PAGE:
It is common to confuse real-time data access with real-time data warehousing. In most cases, real-time data access can be best provided by going directly to the bookkeeping (OLTP) systems within the organization. By definition, the bookkeeping systems have the most up-to-date information about the state of the business. Successful deployment of real-time data warehousing focuses on more than just real-time data access. The key difference is integration.

Data warehousing, first and foremost, is about data integration. Real-time data warehousing means that data is integrated on a more timely basis. But without integration, the value of the data warehouse is marginal. A set of stand-alone tables lacking integration, even if they are updated in (near) real time, are not going to provide a solid foundation for real-time data warehousing. Consider a banking data warehouse implementation. Only when demographics, account holdings across all lines of business products, and transactional behaviors across all channels are integrated will analytic applications have a complete picture of a customer. The value of information is maximized when the organization can exploit relationships that cross product and channel boundaries within the enterprise.

In some cases, the effort to quickly implement a real-time data warehousing capability will lead an IT organization down the path of a “virtual” data warehouse. The idea is to “federate” data from across multiple (often operational bookkeeping) data sources to form the illusion of a data warehouse with very up-to-date data. This approach is attractive because middleware is used as a substitute for constructing a physical instantiation of the real-time data warehouse. However, this approach misses the fundamental underpinning for a successful data warehouse: integration.

The notion that integration will be “automagically” performed using a middleware layer at query execution time is impractical for all but the smallest of data sets and simplest of organizations. Imagine running a query that requires scanning, joining, and aggregating data from across multiple source systems. It is completely impractical to perform the necessary integration of information in middleware for anything resembling real-life data volumes and source system complexities. While federation is appropriate for small look-up tables that have high volatility, using this approach as a substitute for integrating core data of the organization into a properly implemented real-time data warehouse is a ruse.

Mistake 10: Assume all Knowledge Workers Want Real-Time Data
A common assumption is that faster is better. Real-time acquisition of data must certainly be more desirable than a weekly batch acquisition of data into the data warehouse, right? The correct answer is “it depends.” In the case of tactical decision making, faster is often better. More up-to-date information means that decisions are made with more complete information and important business events can be detected and acted upon on a more timely basis.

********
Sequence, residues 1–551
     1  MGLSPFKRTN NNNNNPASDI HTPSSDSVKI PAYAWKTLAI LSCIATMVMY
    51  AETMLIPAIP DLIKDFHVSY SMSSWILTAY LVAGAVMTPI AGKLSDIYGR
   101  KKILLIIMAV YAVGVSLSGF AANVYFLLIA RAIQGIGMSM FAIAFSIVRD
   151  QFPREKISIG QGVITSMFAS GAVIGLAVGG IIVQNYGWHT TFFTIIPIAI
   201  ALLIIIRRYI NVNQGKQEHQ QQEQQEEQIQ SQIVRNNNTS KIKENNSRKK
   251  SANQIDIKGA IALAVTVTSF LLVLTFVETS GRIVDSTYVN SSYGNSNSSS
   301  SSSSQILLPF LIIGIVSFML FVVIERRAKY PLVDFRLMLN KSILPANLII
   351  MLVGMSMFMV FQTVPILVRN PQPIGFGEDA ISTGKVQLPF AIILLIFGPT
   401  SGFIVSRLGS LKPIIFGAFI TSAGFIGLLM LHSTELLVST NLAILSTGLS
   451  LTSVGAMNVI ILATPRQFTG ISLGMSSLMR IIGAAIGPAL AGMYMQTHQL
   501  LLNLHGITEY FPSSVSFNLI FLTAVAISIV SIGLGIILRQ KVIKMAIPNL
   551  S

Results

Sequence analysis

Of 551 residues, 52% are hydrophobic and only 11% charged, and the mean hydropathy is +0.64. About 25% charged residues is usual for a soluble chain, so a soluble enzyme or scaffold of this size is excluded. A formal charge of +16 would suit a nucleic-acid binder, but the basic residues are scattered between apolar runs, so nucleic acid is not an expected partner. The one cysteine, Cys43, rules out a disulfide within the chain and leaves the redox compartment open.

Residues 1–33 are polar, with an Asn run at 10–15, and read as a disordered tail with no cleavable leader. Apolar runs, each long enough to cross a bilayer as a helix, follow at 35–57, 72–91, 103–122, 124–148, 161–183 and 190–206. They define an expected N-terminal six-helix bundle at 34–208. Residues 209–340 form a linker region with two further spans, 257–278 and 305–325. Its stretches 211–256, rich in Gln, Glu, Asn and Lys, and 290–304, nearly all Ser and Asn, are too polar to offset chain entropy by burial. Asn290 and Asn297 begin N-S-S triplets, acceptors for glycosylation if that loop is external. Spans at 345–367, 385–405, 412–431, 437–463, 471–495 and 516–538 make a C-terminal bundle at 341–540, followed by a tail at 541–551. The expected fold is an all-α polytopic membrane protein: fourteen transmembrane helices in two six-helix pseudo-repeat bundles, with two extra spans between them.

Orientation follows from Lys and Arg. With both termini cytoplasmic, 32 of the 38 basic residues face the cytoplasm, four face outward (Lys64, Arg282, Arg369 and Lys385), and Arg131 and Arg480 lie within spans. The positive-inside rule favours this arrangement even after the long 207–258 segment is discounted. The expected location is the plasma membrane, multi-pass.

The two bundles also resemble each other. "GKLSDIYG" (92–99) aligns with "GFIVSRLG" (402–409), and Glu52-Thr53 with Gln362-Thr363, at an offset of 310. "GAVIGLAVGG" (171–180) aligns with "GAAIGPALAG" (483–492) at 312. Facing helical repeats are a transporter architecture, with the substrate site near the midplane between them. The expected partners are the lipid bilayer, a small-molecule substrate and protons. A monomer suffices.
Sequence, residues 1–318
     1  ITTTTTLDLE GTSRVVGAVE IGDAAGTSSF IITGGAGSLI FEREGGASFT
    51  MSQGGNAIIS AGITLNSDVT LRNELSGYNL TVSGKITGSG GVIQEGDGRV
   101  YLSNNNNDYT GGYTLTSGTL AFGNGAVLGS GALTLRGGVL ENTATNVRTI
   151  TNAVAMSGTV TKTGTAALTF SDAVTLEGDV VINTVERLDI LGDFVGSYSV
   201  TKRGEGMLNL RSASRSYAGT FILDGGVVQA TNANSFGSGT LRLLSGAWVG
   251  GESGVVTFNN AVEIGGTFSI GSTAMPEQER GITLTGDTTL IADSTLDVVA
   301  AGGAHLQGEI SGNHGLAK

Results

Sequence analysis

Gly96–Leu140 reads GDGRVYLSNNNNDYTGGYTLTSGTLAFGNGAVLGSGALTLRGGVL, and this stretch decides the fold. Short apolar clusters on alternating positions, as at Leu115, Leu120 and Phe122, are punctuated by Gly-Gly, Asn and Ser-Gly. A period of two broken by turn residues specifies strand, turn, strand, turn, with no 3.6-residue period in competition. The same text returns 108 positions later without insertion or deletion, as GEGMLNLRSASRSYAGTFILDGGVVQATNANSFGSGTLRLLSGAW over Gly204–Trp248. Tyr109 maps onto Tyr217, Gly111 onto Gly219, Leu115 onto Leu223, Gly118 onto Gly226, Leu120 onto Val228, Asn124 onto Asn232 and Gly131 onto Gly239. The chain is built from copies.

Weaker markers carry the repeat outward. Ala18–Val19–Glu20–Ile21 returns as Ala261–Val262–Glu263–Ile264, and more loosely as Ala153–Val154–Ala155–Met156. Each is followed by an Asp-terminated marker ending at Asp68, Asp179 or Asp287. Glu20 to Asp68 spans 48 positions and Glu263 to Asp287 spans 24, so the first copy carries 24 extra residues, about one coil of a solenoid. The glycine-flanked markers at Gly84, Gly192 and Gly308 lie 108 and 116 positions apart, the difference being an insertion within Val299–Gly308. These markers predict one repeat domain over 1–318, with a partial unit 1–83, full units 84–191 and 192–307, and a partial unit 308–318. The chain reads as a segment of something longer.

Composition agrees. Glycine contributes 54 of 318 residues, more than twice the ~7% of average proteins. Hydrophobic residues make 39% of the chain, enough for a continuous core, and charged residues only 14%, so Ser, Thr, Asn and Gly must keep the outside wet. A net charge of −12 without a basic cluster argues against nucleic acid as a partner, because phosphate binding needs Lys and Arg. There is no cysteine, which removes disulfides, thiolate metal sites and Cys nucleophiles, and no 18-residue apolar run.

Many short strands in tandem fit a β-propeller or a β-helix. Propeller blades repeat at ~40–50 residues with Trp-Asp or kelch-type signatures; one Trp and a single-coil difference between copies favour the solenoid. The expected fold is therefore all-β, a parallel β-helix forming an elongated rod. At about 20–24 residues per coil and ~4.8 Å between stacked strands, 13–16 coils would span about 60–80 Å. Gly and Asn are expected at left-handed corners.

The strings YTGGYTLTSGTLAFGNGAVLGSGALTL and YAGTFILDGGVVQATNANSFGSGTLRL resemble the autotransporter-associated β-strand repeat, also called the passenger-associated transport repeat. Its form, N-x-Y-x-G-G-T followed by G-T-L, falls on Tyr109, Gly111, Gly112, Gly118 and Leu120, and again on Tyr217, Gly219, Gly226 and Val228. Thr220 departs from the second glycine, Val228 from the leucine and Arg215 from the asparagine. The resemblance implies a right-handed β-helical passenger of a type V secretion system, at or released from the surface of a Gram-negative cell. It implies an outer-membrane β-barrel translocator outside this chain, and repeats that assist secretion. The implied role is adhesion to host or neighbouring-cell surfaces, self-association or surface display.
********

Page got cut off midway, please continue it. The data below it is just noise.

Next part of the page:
However, for some types of decision making, the real-time update of information in the data warehouse is not at all desirable. The finance person who is engaged in strategic planning does not want the data changing in the middle of his analysis. For long-term decision making, the stability of the data is much more important than keeping the information up to date. In fact, there are likely to be many different service level requirements for data freshness within an enterprise. Some knowledge workers need the most up-to-date information while others prefer their data to remain stable for a day, week, or even month.

For a real-time data warehouse to effectively serve the enterprise, multiple data freshness service levels must be delivered. However, it is certainly not practical to build a different set of tables for each service level requirement. An effective way to deploy the real-time data warehouse with multiple data freshness service levels is to use time stamping and view constructs. All rows acquired into the data warehouse are assigned a date-timestamp. Each data freshness service level desired by the knowledge worker community has its own set of “tables” that are simulated with views designed to filter out any data more up to date than that defined by the service level requirement. All views for a given entity resolve to the same underlying physical representation of the entity—only the filtering criteria change according to the data freshness service levels for each knowledge worker community. In this way, a single source of truth can be constructed to serve multiple data freshness service levels without unnecessary replication of data.

Stephen Brobst -

Stephen Brobst specializes in the design and construction of DW solutions for Fortune 500 companies in the U.S. and internationally. Stephen performed his graduate work in computer science at MIT where his master's and PhD research focused on high-performance parallel processing. He also completed an MBA with joint course and thesis work at the Harvard Business School and the MIT Sloan School of Management. Stephen has been on the TDWI faculty since 1996.